The webbing clothes moth and case making clothes moth are very similar in appearance and are the most common moths in this group. It is actually the larvae of these moths that feed on and damage fabrics. You may see 100-150 pin head size eggs that have been laid very near the fabric on which they feed. The larvae are about 1/3” long and can stay in the larval state for long periods of time. They eventually form a silken cocoon and the buff colored adults emerge about 4-5 weeks later. The adults do not feed and are not attracted to light.
Carpet beetles in nature feed on flower pollen, but when they enter your home they eat your rugs, silk, wool, feathers, even animal hair. They are small dark insects, only about 1/8” long. The larvae go through several moltings and can measure 1/4” to 1/2” and are carrot shaped with tail bristles. The sheddings can make it seem that there are many more bugs than there are actually present. Carpet beetle larvae like to move around and may be found on items on which they do not feed—leading some people to misidentify them as bed bugs or other insects. They are attracted especially to soiled fabrics and cracks where lint accumulates such as along baseboards. You may find small holes in clothing that has been left on the floor or on the under side of carpets and throw rugs.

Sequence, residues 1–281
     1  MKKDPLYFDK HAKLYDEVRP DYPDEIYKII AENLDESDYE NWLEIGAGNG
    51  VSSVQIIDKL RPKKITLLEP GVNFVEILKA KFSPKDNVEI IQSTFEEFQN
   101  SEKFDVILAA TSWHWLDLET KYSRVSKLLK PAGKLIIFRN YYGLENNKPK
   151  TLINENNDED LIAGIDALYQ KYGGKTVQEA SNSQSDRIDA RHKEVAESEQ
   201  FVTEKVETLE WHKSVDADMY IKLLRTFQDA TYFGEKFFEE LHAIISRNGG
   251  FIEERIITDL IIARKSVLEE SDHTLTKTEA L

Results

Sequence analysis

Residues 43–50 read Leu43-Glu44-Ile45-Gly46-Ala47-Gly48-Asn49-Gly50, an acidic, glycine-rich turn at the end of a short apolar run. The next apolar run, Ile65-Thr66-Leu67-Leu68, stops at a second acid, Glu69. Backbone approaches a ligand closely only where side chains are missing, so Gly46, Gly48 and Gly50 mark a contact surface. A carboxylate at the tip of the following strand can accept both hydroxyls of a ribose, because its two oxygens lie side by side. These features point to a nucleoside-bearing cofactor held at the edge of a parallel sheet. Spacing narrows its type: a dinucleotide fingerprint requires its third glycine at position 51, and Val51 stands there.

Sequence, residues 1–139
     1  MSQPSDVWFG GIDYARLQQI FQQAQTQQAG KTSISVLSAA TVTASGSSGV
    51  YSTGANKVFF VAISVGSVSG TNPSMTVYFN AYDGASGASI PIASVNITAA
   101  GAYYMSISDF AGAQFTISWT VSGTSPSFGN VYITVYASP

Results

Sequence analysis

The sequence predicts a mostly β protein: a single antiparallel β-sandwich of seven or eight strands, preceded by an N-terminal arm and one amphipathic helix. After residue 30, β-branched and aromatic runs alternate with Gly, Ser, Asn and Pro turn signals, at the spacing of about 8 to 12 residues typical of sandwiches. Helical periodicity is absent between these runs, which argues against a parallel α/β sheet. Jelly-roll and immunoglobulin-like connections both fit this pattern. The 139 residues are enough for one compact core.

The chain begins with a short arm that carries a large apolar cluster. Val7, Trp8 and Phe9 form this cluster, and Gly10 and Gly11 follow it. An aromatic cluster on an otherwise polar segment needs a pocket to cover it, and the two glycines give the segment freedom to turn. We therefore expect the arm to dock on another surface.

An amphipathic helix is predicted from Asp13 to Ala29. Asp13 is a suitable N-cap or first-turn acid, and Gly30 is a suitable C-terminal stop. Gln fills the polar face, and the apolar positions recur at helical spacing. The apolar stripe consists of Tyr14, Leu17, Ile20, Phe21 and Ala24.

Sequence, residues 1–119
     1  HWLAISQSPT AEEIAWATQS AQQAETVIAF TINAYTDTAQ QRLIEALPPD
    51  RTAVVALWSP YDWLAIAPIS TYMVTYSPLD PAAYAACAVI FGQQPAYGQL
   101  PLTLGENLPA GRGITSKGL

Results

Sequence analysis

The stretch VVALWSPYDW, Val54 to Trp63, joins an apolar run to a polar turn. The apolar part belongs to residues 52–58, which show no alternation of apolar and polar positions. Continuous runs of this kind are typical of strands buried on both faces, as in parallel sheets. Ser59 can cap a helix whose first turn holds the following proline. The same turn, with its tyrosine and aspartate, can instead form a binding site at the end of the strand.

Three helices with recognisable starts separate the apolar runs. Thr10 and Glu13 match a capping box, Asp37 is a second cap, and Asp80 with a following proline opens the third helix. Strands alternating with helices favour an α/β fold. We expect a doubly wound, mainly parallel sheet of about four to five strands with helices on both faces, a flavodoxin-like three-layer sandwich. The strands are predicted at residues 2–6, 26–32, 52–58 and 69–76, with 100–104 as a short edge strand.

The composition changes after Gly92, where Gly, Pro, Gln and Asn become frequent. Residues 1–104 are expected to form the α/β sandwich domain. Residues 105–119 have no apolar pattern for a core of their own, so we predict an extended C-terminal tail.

The Pest Force has the solution for both of these household pests!